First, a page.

Post Hoc Analyses
Post hoc analyses were conducted using data from the subset of patients from the pooled overall intent-to-treat population (ITT) whose target lesion was on the lower extremities (leg). Treatment success at the leg target lesion, was defined as a ≥2-grade improvement from baseline and was evaluated for each individual sign of psoriasis (erythema, plaque elevation, and scaling). Overall treatment success, which considered all treatment areas in addition to the target lesion was defined as a ≥2-grade improvement from baseline in IGA score and a score of ‘clear’ or ‘almost clear’ [0 or 1]. Reductions from baseline in overall mean BSA and the IGAxBSA composite tool were also evaluated. Change from baseline in IGAxBSA was calculated by multiplying the IGA score by the total BSA. Reductions from baseline of ≥50% and ≥75% in IGAxBSA score (IGAxBSA-50 and IGAxBSA-75) were also tabulated. The IGA, BSA, and IGAxBSA composite assessments did not include areas of the face, scalp, palms, soles, axillae, and other intertriginous areas; palms and soles with psoriasis could be treated with the study drug but were not included in these assessments.

Efficacy analyses were conducted in the ITT analysis population, defined as participants who were randomized, received study drug, and presented with a target lesion on the leg. Safety parameters were assessed using the safety population, defined as participants from the ITT analysis population who had postbaseline safety data. Treatment success data (signs of psoriasis and overall) were analyzed by using Cochran-Mantel-Haenszel (CMH) tests stratified by analysis center with all values adjusted for multiple imputations. Markov chain Monte Carlo (MCMC) multiple imputation was used to impute missing values. Affected BSA was evaluated using an analysis of covariance with factors of treatment and study center and baseline affected BSA as a covariate; there was no imputation of missing data. Mean change in IGAxBSA composite tool was examined using a Wilcoxon Rank Sum Test with last observation carried forward (LOCF) used to impute missing IGA and BSA data through week 8 prior to analysis. IGAxBSA-50 and -75 parameters were assessed using CMH test with LOCF used to impute missing values through week 8. Safety was evaluated via assessment of AEs through week 8. All treatment areas were examined at each visit for the presence or absence of skin atrophy, striae, telangiectasia, and folliculitis, AEs known to be related to HP/TAZ.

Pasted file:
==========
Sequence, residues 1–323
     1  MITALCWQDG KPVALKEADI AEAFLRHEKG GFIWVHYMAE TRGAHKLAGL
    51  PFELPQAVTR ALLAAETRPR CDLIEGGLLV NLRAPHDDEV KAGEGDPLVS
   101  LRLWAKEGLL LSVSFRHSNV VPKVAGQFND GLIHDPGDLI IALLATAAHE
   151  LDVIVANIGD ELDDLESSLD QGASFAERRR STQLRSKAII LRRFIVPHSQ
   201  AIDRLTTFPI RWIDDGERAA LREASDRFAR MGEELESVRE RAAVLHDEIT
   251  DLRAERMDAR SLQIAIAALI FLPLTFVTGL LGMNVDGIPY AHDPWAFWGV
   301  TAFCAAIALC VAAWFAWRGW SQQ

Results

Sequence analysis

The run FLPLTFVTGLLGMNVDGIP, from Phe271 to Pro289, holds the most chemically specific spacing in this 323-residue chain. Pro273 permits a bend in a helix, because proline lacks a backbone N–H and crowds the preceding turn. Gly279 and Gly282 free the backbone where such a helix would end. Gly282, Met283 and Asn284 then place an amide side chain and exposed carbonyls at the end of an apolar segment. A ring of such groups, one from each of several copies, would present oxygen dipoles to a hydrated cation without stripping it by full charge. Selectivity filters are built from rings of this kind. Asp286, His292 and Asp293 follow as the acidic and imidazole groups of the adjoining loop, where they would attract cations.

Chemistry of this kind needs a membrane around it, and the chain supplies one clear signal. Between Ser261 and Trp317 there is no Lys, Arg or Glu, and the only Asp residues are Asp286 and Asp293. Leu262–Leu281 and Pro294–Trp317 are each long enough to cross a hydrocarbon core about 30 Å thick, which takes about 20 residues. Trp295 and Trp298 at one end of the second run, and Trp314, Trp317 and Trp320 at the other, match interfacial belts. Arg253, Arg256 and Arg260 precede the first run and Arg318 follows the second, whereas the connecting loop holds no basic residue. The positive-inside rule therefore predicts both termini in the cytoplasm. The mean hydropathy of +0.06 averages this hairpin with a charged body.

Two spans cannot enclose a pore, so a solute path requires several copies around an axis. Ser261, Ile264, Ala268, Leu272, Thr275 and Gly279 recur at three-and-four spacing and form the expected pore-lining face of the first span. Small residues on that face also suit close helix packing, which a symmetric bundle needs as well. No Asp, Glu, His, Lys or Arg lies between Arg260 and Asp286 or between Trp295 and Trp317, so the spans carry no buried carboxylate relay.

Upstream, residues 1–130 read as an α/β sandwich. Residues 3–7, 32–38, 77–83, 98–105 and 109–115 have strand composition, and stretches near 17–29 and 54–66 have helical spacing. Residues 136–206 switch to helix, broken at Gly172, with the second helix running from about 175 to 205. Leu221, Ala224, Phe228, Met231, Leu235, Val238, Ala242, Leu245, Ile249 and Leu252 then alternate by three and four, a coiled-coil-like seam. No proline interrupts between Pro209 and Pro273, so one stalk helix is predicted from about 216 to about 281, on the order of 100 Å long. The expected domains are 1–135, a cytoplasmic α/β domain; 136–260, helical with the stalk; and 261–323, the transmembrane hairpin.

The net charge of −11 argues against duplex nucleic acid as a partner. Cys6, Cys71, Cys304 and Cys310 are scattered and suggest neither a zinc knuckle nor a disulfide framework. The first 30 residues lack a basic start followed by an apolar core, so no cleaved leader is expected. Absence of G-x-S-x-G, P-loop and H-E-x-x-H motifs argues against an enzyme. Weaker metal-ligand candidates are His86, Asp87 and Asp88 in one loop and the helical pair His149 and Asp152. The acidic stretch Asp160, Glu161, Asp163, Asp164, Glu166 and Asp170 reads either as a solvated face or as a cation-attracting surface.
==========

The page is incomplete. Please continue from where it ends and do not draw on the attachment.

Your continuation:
Participant Disposition and Baseline Characteristics
A total of 418 participants were randomized to once-daily HP/ TAZ or vehicle lotion (Study 1, n=203 [HP/TAZ, n=135; vehicle, n=68]; Study 2, n=215 [HP/TAZ, n=141; vehicle, n=74]) (Figure 1). A total of 219 participants (52.4%) were identified as having a leg target lesion and were included in the analysis. Of those, 148 participants received once-daily HP/TAZ lotion and 71 received vehicle. A total of 82.4% of participants completed HP/TAZ treatment compared with 78.9% that completed vehicle treatment. Demographics and baseline characteristics were generally